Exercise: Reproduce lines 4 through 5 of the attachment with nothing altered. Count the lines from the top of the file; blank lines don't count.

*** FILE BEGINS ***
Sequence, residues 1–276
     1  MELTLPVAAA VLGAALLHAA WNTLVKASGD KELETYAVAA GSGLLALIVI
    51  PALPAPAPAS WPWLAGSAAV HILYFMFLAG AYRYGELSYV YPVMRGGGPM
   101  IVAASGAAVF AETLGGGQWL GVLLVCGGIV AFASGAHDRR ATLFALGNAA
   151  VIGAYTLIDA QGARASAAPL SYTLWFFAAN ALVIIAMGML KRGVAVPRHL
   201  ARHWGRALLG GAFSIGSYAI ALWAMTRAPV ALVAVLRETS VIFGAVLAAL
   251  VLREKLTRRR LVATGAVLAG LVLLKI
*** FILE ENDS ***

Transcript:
   101  IVAASGAAVF AETLGGGQWL GVLLVCGGIV AFASGAHDRR ATLFALGNAA
   151  VIGAYTLIDA QGARASAAPL SYTLWFFAAN ALVIIAMGML KRGVAVPRHL